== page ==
What particularly struck me about Web of Chaos was the feeling that what really vexed the participants most is that they’re unable to control the digital conversation. Much of the leftist idealism that drove the internet in its early years has evaporated and anarchy has moved in. This is not how it was supposed to play out.
This is not to deny that some of the online content deplored by the virtuous participants in Web of Chaos is poisonous – but in the information wars, the poison flows both ways. The documentary didn’t mention neo-Marxist vitriol on Twitter or the routine cancellation of any opinions, no matter how reasoned or moderate, that run counter to woke orthodoxy. Neither did it consider the possibility that conservative opinion has been driven underground because it was locked out of mainstream social media channels such as Facebook and Twitter.
Extremism is bound to thrive when dissent is suppressed by members of a pharisaical caste that takes upon itself the right to determine what others may read and hear. This was the less than surprising conclusion to be drawn from Web of Chaos – a documentary accurately assessed by the aforementioned Sean Plunket as having the same level of journalistic integrity as Fire and Fury, but with the important difference that it was made using public money. Hence we all become accomplices in our own indoctrination.
And speaking of brazen, state-funded journalistic bias, how about the latest Sunday programme on TVNZ? In a lifetime of television viewing I’ve seen some atrocious reportage, but rarely anything so egregiously slanted as Mark Crysell’s report on the consequences of the US Supreme Court’s reversal of Roe v. Wade.
Crysell took it as given that it’s a fundamental human right to take the life of an unborn child. Not for a millisecond did he bother himself with the consideration that many of the people watching his report find abortion deeply repugnant. Insofar as objections to abortion were acknowledged at all, they were presented as being confined to a slightly mad and dangerous religious fringe.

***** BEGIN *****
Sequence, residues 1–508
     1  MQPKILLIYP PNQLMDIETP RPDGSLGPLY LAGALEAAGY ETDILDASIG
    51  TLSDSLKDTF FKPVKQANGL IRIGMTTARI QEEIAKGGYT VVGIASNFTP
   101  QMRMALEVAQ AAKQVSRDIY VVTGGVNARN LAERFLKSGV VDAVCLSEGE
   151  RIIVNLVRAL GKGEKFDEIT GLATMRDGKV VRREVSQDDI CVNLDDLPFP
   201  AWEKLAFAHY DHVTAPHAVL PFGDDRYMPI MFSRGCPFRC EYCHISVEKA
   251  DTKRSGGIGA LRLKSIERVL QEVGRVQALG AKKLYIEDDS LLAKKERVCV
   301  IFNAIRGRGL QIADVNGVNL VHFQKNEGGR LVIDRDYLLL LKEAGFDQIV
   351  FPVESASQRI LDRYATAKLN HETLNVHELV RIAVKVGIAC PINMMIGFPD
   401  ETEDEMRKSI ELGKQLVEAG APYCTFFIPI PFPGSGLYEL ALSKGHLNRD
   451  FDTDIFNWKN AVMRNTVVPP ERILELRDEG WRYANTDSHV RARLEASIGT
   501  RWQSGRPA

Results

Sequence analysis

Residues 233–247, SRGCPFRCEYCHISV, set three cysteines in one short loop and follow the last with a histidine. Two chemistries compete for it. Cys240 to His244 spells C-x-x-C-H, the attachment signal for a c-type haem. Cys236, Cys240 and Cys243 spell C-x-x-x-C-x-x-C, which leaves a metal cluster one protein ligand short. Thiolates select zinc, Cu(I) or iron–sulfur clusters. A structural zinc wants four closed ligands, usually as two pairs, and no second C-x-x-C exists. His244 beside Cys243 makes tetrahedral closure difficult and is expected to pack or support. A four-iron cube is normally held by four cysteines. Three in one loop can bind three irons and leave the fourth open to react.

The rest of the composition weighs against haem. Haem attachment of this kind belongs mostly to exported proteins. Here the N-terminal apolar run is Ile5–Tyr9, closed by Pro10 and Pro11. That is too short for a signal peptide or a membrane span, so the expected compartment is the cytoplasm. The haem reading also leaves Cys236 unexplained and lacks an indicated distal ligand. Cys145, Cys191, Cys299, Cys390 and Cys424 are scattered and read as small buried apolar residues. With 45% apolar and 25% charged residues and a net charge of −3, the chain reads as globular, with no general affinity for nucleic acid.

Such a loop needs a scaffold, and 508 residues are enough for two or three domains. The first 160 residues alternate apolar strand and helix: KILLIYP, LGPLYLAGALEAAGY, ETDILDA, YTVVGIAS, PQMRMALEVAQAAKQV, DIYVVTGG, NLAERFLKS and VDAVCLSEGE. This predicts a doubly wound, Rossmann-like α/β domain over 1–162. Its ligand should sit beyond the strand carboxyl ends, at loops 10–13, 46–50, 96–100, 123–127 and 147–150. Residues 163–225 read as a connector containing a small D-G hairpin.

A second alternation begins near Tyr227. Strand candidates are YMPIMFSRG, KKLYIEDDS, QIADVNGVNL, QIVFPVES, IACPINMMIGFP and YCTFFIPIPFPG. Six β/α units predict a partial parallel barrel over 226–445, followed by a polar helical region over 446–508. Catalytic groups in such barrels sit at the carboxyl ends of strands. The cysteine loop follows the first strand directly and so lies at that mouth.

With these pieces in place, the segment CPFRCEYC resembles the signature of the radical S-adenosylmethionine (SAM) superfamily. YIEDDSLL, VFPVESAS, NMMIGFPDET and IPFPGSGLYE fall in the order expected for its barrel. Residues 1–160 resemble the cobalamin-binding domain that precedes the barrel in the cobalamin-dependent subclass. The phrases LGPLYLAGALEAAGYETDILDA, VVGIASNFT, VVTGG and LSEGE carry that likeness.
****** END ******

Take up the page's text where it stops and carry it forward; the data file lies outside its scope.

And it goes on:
He informed us that what’s unfolding in Texas, where abortion is now illegal unless the mother’s life is threatened, is a “human tragedy”. But wait! This could be to New Zealand’s benefit, Crysell revealed, because disenchanted American medical professionals are thinking of emigrating. This could be the solution, he suggested, to the staffing crisis in our health sector.
Really? I’m not sure I’d welcome doctors and nurses who want to leave the US for the sole reason that they’re no longer allowed to kill foetuses. I subscribe to the quaint idea that we’d be better off with health professionals who are concerned with saving lives rather than terminating them. Yet Crysell portrayed the Texas abortionists as being motivated by high principle. It was a striking illustration of how grotesquely warped the abortion cult has become.
As is invariably the case in media coverage of abortion, the unborn child was unmentioned and invisible. Easier and more convenient to ignore it.
Crysell’s report was a “f*** you” gesture to all the mugs in Sunday’s audience whom he must have known would find its tone offensive. They pay his salary and pick up the tab for his flights, hotel bills and rental cars (not that they have any say in the matter), and in return he exercises an assumed right to impose on them his personal prejudices on a profoundly contentious issue.
What a contemptible creep. As an arrogant abuse of media power, it’s equal to anything Rupert Murdoch ever dreamed up.